By Christopher W. Larimer, University of Northern Iowa Professor of Political Science
In addition to candidate stump speeches, one of the things Iowans have become accustomed to hearing every four years are the criticisms of outsiders regarding the state’s “first-in-the-nation” status. For example, last Tuesday, the New York Times ran an article titled, “Why Almost Nobody Will Defend the Iowa Caucuses.” (The Times also ran an article earlier this summer titled, “Take the Iowa Caucuses. Please.”)
One of the arguments against Iowa’s status is the relatively low participation rate, and indeed this is justified. According to the United States Election Project, just 15 percent of eligible voters participated in the 2016 Iowa Caucuses, compared to 52 percent of eligible voters in the New Hampshire Primary held just 8 days later. (On average, about one-fourth to one-third of party members show up on caucus night.)
But, does low participation mean Iowans are caucusing for “bad” (unelectable) candidates? Put another way, do the relatively few Iowans who show up on caucus night hold unique candidate preferences? Or, as Christopher Hull put it in his book, Grassroots Rules, is Iowa a “cess poll”?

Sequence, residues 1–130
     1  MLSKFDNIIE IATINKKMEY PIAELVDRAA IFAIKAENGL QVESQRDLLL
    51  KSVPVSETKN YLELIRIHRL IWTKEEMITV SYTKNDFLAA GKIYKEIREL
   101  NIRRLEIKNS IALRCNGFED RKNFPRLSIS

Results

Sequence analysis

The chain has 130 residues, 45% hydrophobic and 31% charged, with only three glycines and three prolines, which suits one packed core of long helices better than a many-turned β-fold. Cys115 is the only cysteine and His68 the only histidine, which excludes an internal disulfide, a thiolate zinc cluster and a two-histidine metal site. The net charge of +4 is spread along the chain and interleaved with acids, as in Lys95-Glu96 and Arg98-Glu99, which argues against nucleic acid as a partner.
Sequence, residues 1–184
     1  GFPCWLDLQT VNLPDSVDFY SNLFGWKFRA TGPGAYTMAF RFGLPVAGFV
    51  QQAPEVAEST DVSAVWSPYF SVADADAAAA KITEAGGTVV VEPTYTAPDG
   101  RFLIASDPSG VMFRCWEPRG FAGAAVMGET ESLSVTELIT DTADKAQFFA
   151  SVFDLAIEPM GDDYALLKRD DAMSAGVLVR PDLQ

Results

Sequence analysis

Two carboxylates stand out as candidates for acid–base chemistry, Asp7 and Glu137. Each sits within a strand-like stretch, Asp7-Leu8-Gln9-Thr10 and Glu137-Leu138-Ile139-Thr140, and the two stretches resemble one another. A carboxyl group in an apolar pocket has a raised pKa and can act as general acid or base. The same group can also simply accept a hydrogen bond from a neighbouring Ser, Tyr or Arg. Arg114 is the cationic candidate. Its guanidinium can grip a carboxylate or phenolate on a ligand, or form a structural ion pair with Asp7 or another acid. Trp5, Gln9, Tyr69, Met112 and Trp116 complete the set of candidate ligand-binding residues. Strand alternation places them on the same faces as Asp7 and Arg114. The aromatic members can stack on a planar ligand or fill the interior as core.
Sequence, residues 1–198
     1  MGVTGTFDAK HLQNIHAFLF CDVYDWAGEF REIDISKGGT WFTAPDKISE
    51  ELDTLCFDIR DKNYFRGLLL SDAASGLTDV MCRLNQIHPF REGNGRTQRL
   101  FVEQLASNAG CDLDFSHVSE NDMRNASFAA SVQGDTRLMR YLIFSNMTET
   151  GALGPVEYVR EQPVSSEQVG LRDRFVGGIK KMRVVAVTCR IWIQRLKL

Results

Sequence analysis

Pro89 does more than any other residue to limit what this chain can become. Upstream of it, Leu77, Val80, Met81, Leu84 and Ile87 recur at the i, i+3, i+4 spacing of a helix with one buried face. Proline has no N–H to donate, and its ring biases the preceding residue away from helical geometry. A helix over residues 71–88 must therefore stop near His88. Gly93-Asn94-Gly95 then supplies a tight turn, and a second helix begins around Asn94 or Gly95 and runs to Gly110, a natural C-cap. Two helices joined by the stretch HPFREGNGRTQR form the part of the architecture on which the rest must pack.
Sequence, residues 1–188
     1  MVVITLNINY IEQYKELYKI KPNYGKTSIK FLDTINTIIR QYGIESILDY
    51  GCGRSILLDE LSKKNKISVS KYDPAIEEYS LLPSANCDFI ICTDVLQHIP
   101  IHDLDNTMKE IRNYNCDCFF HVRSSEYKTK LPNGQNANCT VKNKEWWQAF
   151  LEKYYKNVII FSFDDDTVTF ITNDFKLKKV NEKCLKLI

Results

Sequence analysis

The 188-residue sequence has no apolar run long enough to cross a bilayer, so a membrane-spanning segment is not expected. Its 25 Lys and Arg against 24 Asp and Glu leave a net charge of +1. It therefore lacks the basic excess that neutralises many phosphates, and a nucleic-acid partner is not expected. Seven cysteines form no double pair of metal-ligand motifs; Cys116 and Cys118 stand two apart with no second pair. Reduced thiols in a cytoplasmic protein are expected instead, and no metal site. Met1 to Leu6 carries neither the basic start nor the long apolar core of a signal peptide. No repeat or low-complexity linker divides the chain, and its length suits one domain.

That depends on how you look at the data.
To get at this question, I followed Hull’s analysis of looking at the vote share candidates running for president received in the Iowa Caucuses and the New Hampshire Primary for each presidential cycle going back to 1976. While Hull’s data goes through 2004 (see Chapter 3 and Appendix B of his book), I’ve extended it through 2016.
On the Democratic side, excluding 1992 because of Tom Harkin’s candidacy, the predictive value of what happens in Iowa is quite high. About 73 percent of the variation in candidate support observed in New Hampshire can be predicted by what happens in Iowa. On the Republican side, however, that number is cut in half to just 35 percent. (Even if you exclude John McCain, and only look at the years 1980-2016, it is still just 39 percent.) As careful observers of the caucuses know, the “social conservative” vote in Iowa is much stronger than it is in New Hampshire. If South Carolina were to follow Iowa, rather than New Hampshire, there is a good chance the predictive value on the Republican side would increase.
The critics are right, sequencing matters, but that also means that wherever you start the nominating process, there will likely be criticism.